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Ames Historical Society Acquisition Policy

Local history is being lost almost daily as people discard or destroy accumulated possessions. The Ames Historical Society encourages residents and organizations to contact us at (515) 232-2148 to determine if material has historical significance before its disposition. What is thrown away may be of value to future researchers studying our community. This Acquisition Policy provides general guidance for potential donors.

Regional Collecting Area

In order to avoid duplication of collecting efforts by other historical organizations within Story County, Ames Historical Society defines its area of responsibility as the city of Ames and its immediate vicinity (portions of Washington, Franklin, Milford and Grant townships). This accommodates documenting the history of the early village of Bloomington as well as North Grant School. Time periods collected encompass the prehistoric era to the present.

Donating

Collections come to the Society mainly by means of gift, but occasionally by bequest, purchase,   formal agreement and loan.   A Deed of Gift establishes the donor's clear title to the material and transfers it to the Society.   The Society does not provide authentication or monetary appraisals of donations.   Material is acquired, processed, organized, cataloged, preserved and stored by observing current best practices to the best of our abilities.

Types of material collected include :

  • Reference material - sources of information such as directories, books, maps, serials, media, and databases used for answering patron inquiries.
  • Archival material - documentary materials created or received and accumulated by a person, family, organization, government or other public or private entity in the conduct of affairs and preserved because of their enduring value as evidence of and information about activities and events.   Some examples of formats include manuscripts, letters, diaries, photographs, audio and visual material, artwork, books, and the digital equivalents of these.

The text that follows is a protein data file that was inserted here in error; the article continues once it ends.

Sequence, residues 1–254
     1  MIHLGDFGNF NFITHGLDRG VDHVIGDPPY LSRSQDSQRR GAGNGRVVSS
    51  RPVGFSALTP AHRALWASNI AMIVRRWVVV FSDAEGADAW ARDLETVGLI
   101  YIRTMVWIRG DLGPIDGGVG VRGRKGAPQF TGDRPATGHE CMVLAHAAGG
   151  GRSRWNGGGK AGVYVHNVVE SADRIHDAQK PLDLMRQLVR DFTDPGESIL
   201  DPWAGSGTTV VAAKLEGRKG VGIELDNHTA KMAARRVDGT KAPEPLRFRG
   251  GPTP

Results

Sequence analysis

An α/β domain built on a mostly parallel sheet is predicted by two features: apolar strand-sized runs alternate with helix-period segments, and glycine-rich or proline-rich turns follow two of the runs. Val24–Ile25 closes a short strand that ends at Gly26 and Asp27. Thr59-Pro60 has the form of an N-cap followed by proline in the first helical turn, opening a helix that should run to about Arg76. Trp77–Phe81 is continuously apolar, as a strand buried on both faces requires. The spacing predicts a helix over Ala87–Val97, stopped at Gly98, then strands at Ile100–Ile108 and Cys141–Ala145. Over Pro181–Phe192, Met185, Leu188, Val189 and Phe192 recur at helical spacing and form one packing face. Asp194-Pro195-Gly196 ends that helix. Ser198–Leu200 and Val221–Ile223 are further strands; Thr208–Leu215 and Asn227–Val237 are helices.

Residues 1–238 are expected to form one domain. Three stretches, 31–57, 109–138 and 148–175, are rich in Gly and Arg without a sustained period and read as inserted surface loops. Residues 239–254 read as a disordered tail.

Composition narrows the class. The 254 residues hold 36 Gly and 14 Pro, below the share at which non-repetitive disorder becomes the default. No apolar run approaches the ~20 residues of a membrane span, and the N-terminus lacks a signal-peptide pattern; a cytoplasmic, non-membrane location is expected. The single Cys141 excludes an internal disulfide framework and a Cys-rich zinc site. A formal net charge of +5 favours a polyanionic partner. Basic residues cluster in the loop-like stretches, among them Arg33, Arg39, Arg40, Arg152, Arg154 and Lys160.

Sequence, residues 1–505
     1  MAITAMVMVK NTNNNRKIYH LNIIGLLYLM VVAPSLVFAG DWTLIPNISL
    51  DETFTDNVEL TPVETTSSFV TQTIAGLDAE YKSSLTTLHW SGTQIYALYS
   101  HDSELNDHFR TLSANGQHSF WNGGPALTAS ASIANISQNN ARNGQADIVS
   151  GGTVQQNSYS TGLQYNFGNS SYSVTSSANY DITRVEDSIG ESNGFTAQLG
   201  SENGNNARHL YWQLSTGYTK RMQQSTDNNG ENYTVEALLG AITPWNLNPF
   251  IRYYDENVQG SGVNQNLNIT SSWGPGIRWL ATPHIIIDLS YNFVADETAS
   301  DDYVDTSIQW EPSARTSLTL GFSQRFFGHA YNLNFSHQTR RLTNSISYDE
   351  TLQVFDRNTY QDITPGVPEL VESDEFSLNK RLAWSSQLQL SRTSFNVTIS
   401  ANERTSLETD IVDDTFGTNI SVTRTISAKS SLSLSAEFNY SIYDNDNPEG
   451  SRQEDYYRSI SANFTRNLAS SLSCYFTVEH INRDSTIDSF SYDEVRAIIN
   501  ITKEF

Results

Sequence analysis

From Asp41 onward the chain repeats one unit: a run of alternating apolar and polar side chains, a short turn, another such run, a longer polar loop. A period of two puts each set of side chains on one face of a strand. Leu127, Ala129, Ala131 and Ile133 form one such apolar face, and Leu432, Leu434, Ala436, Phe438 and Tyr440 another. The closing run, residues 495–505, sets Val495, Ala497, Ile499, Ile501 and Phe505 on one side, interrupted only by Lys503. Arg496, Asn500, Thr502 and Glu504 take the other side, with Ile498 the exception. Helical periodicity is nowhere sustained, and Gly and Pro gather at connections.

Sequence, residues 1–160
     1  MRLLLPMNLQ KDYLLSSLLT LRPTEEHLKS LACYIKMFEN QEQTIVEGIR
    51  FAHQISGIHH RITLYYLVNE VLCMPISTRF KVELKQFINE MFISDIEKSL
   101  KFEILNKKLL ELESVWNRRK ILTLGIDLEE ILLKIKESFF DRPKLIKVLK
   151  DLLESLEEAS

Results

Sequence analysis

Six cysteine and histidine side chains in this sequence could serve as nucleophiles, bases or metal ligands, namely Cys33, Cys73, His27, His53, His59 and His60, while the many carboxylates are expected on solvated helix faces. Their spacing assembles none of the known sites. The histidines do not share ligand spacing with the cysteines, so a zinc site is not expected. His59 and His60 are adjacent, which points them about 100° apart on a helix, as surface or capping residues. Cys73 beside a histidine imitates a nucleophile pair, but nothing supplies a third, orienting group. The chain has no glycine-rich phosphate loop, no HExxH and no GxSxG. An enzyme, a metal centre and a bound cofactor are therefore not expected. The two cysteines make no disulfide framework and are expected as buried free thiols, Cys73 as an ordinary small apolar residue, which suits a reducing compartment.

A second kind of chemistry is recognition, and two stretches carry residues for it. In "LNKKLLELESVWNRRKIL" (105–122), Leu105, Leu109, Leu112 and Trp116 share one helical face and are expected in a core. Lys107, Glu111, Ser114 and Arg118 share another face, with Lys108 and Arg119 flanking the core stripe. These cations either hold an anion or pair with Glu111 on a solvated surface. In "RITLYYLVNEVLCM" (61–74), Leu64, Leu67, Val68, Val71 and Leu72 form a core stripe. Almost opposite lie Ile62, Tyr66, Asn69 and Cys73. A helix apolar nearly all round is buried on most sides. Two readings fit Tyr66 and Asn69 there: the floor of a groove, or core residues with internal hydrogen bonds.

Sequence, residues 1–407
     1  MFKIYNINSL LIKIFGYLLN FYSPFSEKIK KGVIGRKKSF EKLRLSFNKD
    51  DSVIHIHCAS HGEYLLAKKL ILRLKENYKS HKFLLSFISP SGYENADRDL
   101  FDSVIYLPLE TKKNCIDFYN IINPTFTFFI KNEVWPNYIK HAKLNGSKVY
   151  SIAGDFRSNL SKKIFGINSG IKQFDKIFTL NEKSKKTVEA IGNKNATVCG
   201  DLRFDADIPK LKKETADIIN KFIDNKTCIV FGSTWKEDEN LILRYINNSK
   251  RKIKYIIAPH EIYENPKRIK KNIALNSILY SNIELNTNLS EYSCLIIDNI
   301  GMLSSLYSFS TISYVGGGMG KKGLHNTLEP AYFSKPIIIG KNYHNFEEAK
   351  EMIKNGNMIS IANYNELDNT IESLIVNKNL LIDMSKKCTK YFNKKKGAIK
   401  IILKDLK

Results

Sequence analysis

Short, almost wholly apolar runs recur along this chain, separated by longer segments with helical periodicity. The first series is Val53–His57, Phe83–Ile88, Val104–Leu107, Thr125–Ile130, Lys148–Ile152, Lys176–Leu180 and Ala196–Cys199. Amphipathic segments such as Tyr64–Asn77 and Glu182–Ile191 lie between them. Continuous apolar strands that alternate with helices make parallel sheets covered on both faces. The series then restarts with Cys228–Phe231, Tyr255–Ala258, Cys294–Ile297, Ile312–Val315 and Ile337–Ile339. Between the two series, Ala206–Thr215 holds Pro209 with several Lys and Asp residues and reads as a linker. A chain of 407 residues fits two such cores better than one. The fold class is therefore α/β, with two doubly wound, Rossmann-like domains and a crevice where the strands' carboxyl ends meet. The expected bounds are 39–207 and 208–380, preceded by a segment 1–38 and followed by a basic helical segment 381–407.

• Artifacts -  three-dimensional objects made by humans, created or used in a significant manner.
  • Specimens - preserved remains (fossil / taxidermy) of naturally occurring plants & animals.

General criteria are:

  • Relevancy - Our collections emphasize items originating in or relating to Ames and those materials that add to the understanding of the relevance of Ames within the larger scope of Iowa and national social, economic, cultural, ethnic and political history.
  • Size - Existing space limitations confine our acquisitions to small and medium-sized objects.
  • Condition - Items should be in good and stable condition.   Preference is given to material in prime over problematic condition.   Occasionally, items will be accepted with condition issues due to their local importance or rarity.   Conservation is typically limited to work that can be provided in a timely and cost effective manner.   Items posing risk to the collection, staff or visitors are not accepted (e.g. hazardous chemicals, live ammunition, etc.)
  • Age - Collectible items may range in age from several thousand years (Native American artifacts) to objects made in the current year.   Significant contemporary items as well as selected ephemera documenting important events are collected while they are still available.